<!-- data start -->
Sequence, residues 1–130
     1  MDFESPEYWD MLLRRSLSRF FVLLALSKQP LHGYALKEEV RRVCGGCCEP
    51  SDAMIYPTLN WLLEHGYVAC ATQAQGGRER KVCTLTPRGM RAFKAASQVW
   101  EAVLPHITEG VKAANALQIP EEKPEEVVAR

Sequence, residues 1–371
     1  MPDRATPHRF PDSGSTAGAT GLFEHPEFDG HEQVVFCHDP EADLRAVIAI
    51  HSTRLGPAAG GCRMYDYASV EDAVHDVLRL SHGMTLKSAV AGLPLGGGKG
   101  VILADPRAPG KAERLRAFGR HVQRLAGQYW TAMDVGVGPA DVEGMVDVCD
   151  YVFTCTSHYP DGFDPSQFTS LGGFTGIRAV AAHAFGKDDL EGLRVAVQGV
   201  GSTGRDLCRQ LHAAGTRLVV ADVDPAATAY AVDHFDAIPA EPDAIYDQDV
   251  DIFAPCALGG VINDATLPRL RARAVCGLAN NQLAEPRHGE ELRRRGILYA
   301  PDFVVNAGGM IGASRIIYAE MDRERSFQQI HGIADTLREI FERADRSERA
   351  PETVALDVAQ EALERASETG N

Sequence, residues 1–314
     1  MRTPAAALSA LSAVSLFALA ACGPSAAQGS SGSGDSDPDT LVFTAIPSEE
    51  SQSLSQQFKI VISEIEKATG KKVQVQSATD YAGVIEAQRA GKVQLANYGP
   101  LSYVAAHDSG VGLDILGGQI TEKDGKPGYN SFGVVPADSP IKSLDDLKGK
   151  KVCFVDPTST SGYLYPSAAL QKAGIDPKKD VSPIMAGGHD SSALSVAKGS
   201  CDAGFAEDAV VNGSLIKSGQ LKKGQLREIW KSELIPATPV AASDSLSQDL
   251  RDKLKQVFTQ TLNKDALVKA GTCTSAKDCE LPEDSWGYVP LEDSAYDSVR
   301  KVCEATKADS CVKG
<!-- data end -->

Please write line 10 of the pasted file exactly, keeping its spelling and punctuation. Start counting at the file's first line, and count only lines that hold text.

   201  GSTGRDLCRQ LHAAGTRLVV ADVDPAATAY AVDHFDAIPA EPDAIYDQDV